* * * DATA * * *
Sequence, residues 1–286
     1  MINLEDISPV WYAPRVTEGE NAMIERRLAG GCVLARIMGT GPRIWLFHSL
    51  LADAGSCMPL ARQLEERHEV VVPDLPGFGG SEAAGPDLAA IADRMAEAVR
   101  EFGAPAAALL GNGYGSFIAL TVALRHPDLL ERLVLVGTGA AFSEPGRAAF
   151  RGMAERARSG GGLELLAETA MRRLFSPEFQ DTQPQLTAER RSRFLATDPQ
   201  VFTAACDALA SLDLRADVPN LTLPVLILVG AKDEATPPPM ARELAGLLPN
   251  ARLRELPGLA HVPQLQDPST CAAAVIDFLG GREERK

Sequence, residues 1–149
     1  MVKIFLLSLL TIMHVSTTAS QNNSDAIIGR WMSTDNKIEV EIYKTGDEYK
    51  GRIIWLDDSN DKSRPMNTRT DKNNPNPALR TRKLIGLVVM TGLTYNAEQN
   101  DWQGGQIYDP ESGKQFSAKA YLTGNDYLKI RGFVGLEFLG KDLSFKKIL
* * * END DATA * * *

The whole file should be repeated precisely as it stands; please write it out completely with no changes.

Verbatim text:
Sequence, residues 1–286
     1  MINLEDISPV WYAPRVTEGE NAMIERRLAG GCVLARIMGT GPRIWLFHSL
    51  LADAGSCMPL ARQLEERHEV VVPDLPGFGG SEAAGPDLAA IADRMAEAVR
   101  EFGAPAAALL GNGYGSFIAL TVALRHPDLL ERLVLVGTGA AFSEPGRAAF
   151  RGMAERARSG GGLELLAETA MRRLFSPEFQ DTQPQLTAER RSRFLATDPQ
   201  VFTAACDALA SLDLRADVPN LTLPVLILVG AKDEATPPPM ARELAGLLPN
   251  ARLRELPGLA HVPQLQDPST CAAAVIDFLG GREERK

Sequence, residues 1–149
     1  MVKIFLLSLL TIMHVSTTAS QNNSDAIIGR WMSTDNKIEV EIYKTGDEYK
    51  GRIIWLDDSN DKSRPMNTRT DKNNPNPALR TRKLIGLVVM TGLTYNAEQN
   101  DWQGGQIYDP ESGKQFSAKA YLTGNDYLKI RGFVGLEFLG KDLSFKKIL